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Coverage of homelessness feels like it comes in waves – big surges where it’s all anyone talks about, and long ebbs where it fades from view.

This week was a surge. Our pal and VOSD veteran Kelly Bennett checked back in on a big investigation she worked on two years ago, and found that a federal funding formula is still screwing San Diego. But, local advocates say they’ve seen lots of progress in other ways.

San Diego also played host to a national conference on homelessness this week.

This Mother Jones story was getting a lot of buzz this week. It describes a Utah program that’s found success in eliminating homelessness by providing permanent housing. (This sounds like a no-brainer, but the “Housing First” model is actually a relatively new phenomenon; earlier models focused first on drug treatment, job placement, mental health services, etc. before housing a person.) The program is getting rave reviews, including from conservative politicians who like how much money it saves.

San Diego’s already experimented with such a program. Here, it’s called Project 25. It’s worked well in San Diego just like it has in Utah. Last year when we checked in, the program was in the final stretch of its three-year pilot program and was scrambling to secure more funding. It looks like it got some.

Friday News Dump

Pensions …

Two retired Sweetwater school district administrators got ongoing pension checks even as they resumed full-time work leading the district under six-figure consultant contracts. The state has kindly informed them that they must pay back a lot of money, thanks to new rules aimed at preventing abuse of the system. (Editor’s note: How pumped are you that Ashly McGlone is part of the VOSD team?)

… and Paseos (OK, One Paseo)

In the lobbying war over a plan to build One Paseo, a mixed-use development in Carmel Valley, the owners of a nearby shopping center say two lawsuits were just meant to silence their opposition.

It didn’t work. Donahue Schriber, the firm that owns nearby Del Mar Highlands Town Center, still spent $1.2 million opposing One Paseo in the last six months of 2014.

… and Politicians, oh my!

In this week’s Sacramento Report, I round up the big issues that might make it onto your 2016 ballot, and break down the latest news in the California Senate Race.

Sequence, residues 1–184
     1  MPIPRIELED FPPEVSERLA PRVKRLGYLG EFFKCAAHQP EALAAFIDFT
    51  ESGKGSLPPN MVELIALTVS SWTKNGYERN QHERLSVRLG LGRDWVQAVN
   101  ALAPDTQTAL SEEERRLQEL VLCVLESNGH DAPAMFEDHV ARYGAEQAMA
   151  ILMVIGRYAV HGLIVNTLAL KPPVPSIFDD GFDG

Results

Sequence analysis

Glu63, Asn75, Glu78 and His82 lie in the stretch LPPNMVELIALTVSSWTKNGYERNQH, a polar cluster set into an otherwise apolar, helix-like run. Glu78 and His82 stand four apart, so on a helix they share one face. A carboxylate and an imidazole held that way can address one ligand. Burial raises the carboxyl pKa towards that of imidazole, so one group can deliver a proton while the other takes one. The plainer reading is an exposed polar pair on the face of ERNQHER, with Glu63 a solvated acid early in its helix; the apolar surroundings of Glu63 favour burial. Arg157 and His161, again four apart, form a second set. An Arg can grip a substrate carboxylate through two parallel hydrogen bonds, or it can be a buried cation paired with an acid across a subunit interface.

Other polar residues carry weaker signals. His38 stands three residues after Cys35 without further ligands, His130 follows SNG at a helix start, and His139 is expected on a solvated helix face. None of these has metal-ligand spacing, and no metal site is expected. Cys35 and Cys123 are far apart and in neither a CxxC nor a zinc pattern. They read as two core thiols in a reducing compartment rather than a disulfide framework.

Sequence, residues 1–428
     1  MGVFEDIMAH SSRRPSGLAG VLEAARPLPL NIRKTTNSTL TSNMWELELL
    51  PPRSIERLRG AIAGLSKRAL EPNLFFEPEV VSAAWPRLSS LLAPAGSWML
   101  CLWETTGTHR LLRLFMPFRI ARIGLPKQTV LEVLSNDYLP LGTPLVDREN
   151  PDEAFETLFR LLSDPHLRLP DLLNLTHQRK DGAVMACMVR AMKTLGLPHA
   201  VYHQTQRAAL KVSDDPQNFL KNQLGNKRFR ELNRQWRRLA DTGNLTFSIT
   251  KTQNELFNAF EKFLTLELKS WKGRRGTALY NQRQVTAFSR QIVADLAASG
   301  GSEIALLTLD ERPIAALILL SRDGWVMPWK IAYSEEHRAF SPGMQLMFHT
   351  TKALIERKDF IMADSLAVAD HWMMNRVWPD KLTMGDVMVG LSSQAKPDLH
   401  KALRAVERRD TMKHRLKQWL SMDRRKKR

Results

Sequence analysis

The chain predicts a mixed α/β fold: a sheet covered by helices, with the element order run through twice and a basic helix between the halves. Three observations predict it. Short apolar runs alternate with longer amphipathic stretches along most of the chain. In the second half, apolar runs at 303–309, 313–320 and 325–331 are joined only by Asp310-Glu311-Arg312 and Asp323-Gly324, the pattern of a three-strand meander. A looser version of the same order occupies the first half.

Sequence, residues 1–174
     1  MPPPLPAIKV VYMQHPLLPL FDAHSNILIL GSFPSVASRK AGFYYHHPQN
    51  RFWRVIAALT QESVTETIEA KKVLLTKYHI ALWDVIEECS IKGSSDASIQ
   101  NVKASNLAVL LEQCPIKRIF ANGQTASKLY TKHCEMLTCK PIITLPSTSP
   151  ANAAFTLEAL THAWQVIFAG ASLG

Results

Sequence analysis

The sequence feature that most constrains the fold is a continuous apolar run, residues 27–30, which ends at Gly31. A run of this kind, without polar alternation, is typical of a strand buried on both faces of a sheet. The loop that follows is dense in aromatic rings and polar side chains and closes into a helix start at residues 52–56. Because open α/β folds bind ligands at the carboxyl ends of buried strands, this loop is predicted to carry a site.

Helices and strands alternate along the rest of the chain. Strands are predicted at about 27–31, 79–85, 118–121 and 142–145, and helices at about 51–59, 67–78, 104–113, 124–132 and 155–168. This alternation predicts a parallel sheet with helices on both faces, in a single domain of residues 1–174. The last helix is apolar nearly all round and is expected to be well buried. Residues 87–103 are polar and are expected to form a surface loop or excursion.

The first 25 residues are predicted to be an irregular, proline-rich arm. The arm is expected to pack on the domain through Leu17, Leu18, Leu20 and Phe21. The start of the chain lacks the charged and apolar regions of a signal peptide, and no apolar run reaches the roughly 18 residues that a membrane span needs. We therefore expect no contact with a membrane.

What VOSD Learned This Week

The city’s tactics for handling code complaints from tenants – it knocks complaints out one by one – lets repeat offenders maintain illegal conditions. Mayor Kevin Faulconer says he’ll devote more money to the problem. Meanwhile, the landlord we examined started trying to unload his properties soon after the investigation published.

Bike-sharing stations are finally open. But the problems that kept it delayed seem to have been replaced with a whole new set.

The guy in charge of rules for high school sports in California says schools can’t do much to prevent concussions without more money.

There are a few narrow circumstances that let police come into your home with no warrant.

Sempra’s big $1 billion natural gas plant sits mostly unused.

The Chargers are panicking on the stadium front. That could explain the bomb they dropped about a Los Angeles stadium deal involving the Raiders. Mayor Kevin Faulconer is mad, but he’s trying to give the team what it wants anyway. Oh, and the city’s claim that the Chargers pay $2.5 million in rent – yeah, that’s misleading.

Relevant to San Diegans Who Consume Food

Many a think piece has been written about the emergence of data-centric news sites like Vox, 538 and The Upshot.

They all present data in visual, easy-to-understand ways. They all like to explain news events and topics. But they all seem to have developed another more specific trait, too. They’re obsessed with burritos.

The latest evidence: The Upshot has a new piece this week about the calories in the most common Chipotle orders. 538 has an ongoing pursuit of the best burrito in the country – with a formula that arguably handicaps San Diego (though there are several local contenders). Vox has covered Chipotle almost as if it’s its own beat, and has analyzed other burrito-related items too.

There are two important takeaways here: 1) As a citizen of one of the world’s greatest burrito destinations, you might consider checking these sites for important burrito analysis. 2) There are people who get paid to write about burritos, which means I need to re-evaluate some of the choices I’ve made.

What I’m Reading

On Sports: RIP Jerome Kersey. Fat Jameis Winston is fat. The Onion on the NFL Combine. Special Crossfit jeans are a thing that exists.

On Music: New Drake. Tink will take over the world. The case against honoring “Glory” at the Oscars this weekend. Vox’s Pop-Up Video treatment of Taylor Swift is amazing.

On Media: There’s Ta-Nehisi Coates and David Carr, and there’s the rest of us. Perd Hapley, arguably the best “Parks and Rec” character, was an actual newsman in San Diego. Meet the reporter who took down Oregon’s governor. Zadie Smith on writing.

Sara Libby

Sara Libby was VOSD’s managing editor until 2021. She oversaw VOSD’s newsroom and content.

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